We fit the underside of the experimental arena’s aluminium base with hot and cold reservoirs on opposite sides, each equipped with two liquid-cooled water blocks. PID (proportional-integral-derivative) controllers drive thermoelectric coolers between each water block and its reservoir to maintain a thermal gradient of 0.035°C/mm across the agar gel in the arena, with 13°C on one side and 21°C on the other.

Constrained larval behavior

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Drosophila larvae tend to spend a lot of time near the edges of conventional cultivation dishes. To demonstrate this, we monitored larvae crawling in a 60 mm agar dish for 20 min. An example time lapse showing the distribution of animals moving toward, and dwelling at, the perimeter is shown in Figure 1—figure supplement 1.

Analysis pipeline

Position tracking

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Custom computer vision software takes raw movies and extracts the position and body contour of each larva while preserving individual animal identities.

Each frame is prepared with increased contrast with dynamic background subtraction. Over long duration experiments, the background that the larvae navigate may change slowly over time due to interactions with the animals or environmental effects such as condensation or dust. With this in mind, we update a dynamic background that will be subtracted from each frame using an infinite impulse response filter. The background, Bt, for the frame, Ft, is calculated as:

Bt=αFt+(1-α)Bt-1

where α defines the feedforward coefficient that is chosen heuristically based on the imaging rate and experimental conditions.

After preprocessing, larvae in each frame are detected by isolating outermost contours around clusters of bright pixels. Contours within a size range are identified as individual larvae, where the size range is manually adjusted to match the camera resolution and the current larval development stage. Animal identities are linked frame-to-frame by minimizing a pairwise loss that is calculated using a weighted sum of distances between heuristically chosen features from the previous frame to the next. The loss between a detected contour, i, and a larva from the preceding frame, j, is calculated as:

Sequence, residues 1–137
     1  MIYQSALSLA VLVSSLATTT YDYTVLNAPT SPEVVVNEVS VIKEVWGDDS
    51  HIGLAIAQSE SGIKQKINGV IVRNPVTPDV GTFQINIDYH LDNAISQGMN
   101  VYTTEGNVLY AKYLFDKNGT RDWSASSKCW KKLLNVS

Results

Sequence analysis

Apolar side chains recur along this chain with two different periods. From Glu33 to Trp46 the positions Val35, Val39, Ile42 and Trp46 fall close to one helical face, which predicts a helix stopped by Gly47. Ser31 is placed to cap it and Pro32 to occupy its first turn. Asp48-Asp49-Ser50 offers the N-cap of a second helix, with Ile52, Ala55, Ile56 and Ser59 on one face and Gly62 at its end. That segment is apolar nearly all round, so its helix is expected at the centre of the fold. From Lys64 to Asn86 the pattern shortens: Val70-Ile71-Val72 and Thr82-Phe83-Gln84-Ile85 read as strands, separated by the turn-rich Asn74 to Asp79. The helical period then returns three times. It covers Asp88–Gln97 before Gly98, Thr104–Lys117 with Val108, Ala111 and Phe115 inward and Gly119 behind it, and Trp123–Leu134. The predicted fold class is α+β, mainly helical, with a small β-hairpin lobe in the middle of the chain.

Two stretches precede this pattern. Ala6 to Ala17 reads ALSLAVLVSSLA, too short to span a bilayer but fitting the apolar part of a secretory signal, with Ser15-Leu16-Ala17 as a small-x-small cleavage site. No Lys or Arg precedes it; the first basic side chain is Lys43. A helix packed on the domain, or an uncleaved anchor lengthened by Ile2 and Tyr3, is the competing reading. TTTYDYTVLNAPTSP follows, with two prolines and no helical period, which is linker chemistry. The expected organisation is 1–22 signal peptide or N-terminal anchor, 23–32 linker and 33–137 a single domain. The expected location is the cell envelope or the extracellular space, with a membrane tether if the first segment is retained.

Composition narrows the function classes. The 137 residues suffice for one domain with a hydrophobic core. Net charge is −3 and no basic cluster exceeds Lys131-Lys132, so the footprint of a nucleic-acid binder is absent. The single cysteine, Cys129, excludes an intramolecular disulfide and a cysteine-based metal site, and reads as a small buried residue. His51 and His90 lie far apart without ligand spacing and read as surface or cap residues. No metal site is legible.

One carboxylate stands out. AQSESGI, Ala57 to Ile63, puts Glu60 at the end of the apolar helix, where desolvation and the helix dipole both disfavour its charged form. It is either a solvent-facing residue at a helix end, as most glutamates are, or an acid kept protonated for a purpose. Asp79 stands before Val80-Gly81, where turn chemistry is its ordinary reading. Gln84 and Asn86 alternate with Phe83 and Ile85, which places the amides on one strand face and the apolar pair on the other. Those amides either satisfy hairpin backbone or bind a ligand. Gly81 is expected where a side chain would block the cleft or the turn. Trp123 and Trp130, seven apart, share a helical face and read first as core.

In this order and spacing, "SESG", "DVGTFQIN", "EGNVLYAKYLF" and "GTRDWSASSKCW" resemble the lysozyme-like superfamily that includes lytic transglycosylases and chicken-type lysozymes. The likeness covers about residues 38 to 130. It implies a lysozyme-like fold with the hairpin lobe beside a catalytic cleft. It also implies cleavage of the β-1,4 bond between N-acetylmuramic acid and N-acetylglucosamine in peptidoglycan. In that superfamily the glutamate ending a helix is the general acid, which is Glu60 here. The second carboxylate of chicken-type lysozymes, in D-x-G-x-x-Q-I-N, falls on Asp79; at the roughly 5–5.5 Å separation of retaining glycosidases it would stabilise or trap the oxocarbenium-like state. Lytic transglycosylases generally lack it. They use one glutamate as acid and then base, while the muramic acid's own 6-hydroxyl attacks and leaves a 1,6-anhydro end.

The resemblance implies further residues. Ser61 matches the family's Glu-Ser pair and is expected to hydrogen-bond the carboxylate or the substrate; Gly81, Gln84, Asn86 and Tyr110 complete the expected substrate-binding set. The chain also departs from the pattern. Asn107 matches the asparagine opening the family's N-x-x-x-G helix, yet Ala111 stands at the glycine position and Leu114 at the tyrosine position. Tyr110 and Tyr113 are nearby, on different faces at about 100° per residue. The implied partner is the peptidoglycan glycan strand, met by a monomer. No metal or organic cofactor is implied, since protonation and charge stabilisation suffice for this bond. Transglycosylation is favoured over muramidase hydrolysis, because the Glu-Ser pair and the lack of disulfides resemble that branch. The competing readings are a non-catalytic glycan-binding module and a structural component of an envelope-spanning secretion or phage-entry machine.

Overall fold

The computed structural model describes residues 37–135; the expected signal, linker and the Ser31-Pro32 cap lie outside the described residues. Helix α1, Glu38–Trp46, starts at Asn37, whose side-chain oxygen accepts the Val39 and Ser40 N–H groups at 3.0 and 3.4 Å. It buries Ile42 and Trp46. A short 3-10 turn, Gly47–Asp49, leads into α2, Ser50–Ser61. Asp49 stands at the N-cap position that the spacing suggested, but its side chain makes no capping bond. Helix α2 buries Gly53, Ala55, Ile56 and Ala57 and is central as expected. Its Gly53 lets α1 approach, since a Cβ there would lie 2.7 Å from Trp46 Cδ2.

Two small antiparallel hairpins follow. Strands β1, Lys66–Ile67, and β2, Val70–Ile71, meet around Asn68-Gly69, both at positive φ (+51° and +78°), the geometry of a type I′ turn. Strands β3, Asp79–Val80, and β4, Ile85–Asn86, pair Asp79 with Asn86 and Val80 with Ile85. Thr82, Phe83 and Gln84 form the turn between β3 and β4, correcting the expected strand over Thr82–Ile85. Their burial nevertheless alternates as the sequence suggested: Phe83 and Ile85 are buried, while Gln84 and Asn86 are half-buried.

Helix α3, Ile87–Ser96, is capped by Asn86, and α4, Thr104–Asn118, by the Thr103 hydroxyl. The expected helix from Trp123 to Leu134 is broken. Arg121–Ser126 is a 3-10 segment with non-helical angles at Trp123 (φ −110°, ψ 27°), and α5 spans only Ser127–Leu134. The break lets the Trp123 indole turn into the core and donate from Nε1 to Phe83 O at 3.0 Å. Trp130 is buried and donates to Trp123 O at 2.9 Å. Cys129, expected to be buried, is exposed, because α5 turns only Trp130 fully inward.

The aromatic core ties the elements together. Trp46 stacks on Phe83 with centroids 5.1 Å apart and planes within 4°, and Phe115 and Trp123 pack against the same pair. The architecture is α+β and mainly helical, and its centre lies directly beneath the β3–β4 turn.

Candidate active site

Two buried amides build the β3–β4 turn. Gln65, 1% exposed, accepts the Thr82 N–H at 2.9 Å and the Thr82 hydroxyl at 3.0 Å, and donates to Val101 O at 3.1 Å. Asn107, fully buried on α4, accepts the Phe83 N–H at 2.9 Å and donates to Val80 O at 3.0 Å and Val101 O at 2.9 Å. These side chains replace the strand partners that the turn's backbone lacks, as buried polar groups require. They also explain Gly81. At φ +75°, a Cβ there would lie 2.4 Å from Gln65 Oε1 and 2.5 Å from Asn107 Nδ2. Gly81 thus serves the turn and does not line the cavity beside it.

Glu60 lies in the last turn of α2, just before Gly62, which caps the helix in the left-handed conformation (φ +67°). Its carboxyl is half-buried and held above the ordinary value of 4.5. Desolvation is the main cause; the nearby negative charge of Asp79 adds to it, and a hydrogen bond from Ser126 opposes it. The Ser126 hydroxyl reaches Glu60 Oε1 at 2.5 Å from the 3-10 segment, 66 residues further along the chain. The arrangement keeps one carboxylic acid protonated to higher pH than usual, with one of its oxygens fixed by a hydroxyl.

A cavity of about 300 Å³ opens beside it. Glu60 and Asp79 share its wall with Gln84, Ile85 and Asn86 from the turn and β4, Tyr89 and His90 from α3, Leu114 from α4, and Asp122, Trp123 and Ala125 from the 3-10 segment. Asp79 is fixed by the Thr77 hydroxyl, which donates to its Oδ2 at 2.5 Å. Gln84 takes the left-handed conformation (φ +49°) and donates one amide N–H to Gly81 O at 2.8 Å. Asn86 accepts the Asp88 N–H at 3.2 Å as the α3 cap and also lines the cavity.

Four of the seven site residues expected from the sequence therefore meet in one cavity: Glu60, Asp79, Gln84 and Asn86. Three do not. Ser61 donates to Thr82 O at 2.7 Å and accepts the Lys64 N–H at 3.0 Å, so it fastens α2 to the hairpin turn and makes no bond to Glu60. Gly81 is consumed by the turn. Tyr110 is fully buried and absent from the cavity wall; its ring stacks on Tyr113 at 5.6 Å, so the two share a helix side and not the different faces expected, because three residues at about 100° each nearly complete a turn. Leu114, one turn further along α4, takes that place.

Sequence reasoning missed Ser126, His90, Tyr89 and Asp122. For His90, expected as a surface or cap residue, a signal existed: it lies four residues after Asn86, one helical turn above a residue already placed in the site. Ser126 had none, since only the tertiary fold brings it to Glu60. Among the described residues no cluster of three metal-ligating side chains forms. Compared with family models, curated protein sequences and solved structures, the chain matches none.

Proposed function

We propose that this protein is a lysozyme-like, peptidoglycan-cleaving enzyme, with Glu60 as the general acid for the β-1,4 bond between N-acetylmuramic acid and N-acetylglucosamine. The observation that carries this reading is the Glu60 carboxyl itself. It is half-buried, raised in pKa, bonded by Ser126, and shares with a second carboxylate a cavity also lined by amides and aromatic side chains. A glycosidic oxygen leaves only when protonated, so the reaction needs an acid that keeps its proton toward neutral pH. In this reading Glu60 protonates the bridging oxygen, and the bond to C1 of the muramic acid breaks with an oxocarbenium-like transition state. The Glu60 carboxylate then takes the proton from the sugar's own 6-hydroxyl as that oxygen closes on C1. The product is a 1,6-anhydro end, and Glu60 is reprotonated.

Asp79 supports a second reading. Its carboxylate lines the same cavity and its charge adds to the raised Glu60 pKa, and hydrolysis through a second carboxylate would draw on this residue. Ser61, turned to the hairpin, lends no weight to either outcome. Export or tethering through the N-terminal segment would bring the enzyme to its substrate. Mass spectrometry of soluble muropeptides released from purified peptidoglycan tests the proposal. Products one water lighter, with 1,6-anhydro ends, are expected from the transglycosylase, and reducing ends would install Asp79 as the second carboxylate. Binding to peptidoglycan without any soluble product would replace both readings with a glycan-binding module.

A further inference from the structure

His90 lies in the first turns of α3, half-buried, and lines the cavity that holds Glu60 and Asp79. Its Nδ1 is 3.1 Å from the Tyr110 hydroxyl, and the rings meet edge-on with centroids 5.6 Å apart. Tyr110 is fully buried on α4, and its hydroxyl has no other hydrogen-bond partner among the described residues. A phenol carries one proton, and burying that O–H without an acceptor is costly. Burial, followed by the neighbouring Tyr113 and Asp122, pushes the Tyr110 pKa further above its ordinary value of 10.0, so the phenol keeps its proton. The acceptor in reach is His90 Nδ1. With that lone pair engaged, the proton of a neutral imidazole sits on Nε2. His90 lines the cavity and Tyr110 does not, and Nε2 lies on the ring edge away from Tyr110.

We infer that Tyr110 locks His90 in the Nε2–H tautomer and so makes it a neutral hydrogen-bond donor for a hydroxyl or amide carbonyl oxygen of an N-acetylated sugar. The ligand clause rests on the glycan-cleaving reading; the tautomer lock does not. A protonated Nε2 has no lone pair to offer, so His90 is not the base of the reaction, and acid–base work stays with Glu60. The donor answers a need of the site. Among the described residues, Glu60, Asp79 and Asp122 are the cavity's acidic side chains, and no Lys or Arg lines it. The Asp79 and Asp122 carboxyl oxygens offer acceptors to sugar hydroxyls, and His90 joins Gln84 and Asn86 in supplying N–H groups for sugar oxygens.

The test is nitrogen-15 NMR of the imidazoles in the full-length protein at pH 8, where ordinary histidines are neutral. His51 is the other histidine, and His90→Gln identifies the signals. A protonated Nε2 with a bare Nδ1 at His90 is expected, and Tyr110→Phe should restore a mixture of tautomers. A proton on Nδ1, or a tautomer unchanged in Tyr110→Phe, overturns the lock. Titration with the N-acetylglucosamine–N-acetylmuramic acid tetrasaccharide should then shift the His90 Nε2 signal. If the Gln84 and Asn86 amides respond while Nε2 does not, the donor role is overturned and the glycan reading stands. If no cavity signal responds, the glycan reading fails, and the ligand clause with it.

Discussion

Lij=βrD(ri,rj)+βpD(pi,pj)+βaD(ai,aj)

where r is position of the larva’s center of mass, p is momentum, a is the contour area (i.e. animal size), and D(x,y) is the Euclidean distance between vectors x and y. The coefficients, β, weigh each distance term and can be adjusted for different animals and imaging conditions. Each new contour, i, is uniquely assigned to an ID, j, beginning with the pair with the lowest loss, then the next lowest loss out of the remaining possible pairs, etc. Any larvae without an assignment in the current frame is given interpolated properties based on the previous few frames to compensate for occlusions or other cases when it is missing from view. Since the linking is sequential, doing so also helps avoid some cases of undesirable identity swaps. With contours in each frame assigned to a unique larva, the centroid of each contour is recorded as the position of the animal and is used to produce a crop around each larva.

We observe collision events occurring at an average rate of 0.63 events per hour in an arena of six larvae. In frames where two or more animals are colliding, that is their contours are on top of each other to form a single large contour, the contours for the colliding animals from previous frames are translated and combined to generate a similarly large contour. The translation of each contour is initialized using the momentum of the larva in preceding frames, and is optimized for a small number of epochs (N<50) such that the resulting combination best matches the large contour seen in the current frame. The coordinates resulting from this optimization are used as the position of the animal in these frames instead. Through this method, identities are preserved across collision events with an accuracy of 91%, or <1 misidentifications per 6 hr experiment, which can be manually verified and corrected.